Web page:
Insys Pharmaceutical Founder Gets 5 1/2 Years for Pushing Opioid, Execs Also Sentenced

BOSTON –The founder of the Arizona pharmaceutical company Insys Therapeutics was ordered to spend 5 1/2 years in prison Thursday for orchestrating a bribery and kickback scheme prosecutors said helped fuel the opioid crisis which has killed almost 400,000 people.

Local Boston ABC affiliate WCVB5 reports:

John Kapoor, 76, the former chairman of Insys Therapeutics, was sentenced in Boston’s federal court after a jury found him guilty of racketeering conspiracy last May. The 10-week trial revealed sensational details about the company’s marketing tactics, including testimony that a sales executive once gave a lap dance to a doctor the company was wooing. Kapoor was also ordered to pay a $250,000 fine.

He and others were accused of paying millions of dollars in bribes to doctors across the United States to prescribe the company’s highly addictive oral fentanyl spray, known as Subsys. The bribes were paid in the form of fees for sham speaking engagements that were billed as educational opportunities for other doctors.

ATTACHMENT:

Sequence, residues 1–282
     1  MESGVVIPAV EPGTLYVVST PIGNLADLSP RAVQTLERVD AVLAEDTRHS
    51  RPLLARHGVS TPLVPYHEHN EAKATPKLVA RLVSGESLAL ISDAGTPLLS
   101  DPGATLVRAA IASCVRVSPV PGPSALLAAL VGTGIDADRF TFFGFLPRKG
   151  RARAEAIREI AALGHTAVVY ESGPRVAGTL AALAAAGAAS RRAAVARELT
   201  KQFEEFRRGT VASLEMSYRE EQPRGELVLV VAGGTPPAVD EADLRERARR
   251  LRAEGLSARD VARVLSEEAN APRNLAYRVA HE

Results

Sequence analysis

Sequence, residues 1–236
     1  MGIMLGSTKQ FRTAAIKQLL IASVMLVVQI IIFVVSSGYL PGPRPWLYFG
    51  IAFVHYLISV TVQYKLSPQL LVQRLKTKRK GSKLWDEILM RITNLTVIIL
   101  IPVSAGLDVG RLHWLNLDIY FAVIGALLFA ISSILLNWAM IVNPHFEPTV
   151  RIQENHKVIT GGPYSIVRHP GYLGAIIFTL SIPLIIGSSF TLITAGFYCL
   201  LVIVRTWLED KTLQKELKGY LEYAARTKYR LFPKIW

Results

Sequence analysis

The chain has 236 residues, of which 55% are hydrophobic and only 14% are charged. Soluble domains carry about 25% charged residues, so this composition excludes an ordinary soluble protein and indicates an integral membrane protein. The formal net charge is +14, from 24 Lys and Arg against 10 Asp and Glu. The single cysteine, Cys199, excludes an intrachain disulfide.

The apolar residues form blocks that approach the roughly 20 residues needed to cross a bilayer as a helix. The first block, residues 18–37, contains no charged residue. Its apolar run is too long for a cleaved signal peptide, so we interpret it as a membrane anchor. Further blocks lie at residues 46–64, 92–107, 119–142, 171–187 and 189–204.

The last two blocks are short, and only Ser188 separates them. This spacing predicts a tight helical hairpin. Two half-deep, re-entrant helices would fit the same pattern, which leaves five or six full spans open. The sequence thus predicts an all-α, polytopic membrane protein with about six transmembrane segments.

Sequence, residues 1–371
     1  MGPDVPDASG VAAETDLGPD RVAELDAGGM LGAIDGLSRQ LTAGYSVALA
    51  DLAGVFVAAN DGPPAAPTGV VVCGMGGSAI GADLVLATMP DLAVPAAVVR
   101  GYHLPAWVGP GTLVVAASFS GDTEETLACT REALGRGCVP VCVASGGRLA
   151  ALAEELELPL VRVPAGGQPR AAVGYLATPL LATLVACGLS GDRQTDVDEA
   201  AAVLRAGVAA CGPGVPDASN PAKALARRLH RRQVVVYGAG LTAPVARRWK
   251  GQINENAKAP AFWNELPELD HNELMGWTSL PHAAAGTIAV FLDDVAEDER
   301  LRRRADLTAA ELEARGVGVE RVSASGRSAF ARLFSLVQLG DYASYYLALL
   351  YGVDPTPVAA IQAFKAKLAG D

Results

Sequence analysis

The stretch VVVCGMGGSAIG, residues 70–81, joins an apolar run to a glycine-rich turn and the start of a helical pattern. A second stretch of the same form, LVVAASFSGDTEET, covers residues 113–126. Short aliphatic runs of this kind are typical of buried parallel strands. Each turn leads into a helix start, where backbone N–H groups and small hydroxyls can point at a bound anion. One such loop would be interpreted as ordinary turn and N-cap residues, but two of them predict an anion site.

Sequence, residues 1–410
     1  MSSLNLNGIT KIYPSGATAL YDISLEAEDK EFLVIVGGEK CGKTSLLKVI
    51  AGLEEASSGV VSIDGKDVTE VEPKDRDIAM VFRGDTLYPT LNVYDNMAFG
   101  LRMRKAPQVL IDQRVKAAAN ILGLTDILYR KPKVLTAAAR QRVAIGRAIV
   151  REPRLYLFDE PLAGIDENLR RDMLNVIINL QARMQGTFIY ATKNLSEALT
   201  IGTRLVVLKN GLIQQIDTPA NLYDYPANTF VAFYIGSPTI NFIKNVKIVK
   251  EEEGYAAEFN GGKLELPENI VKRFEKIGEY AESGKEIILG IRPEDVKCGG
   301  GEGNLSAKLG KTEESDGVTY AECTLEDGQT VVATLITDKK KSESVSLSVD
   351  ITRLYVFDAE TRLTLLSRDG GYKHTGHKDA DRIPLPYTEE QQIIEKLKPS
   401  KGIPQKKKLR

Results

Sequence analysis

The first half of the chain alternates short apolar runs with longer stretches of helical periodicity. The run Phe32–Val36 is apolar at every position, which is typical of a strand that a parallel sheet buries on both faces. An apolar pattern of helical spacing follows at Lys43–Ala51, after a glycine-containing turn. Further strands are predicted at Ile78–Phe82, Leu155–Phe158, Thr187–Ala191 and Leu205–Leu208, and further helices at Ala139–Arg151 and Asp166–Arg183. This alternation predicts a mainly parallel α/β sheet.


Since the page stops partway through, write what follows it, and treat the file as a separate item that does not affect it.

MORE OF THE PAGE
Prosecutors also said the company misled insurers to get payment approved for the drug, which is meant to treat cancer patients in severe pain and can cost as much as $19,000 a month.

Using laws designed to catch mob bosses, prosecutors secured the conviction of John Kapoor and six other Insys executives and employees last year on charges including racketeering conspiracy.

TIME reports:

The two others [Insys execs] were dealt lighter sentenced because they pleaded guilty and cooperated with authorities. Former Insys CEO Michael Babich was sentenced to 2 1/2 years in prison on Wednesday, while Alec Burlakoff, the former vice president of sales, was sentenced Thursday to more than 2 years.

U.S. Attorney Andrew Lelling told reporters he objected to the sentences in the case, which were far lower than what prosecutors sought.

My view is that the public interest demanded higher sentences for these defendants…These guys basically took a publicly traded pharma company and turned it into an engine for corrupting doctors and jeopardizing the health of men and women nationwide.

As part of a joint investigation between the Financial Times and FRONTLINE, Mr Burlakoff spoke to journalists under the supervision of federal prosecutors in Boston. The interview took place last year, on the condition that it was only published after sentencing.

 

 

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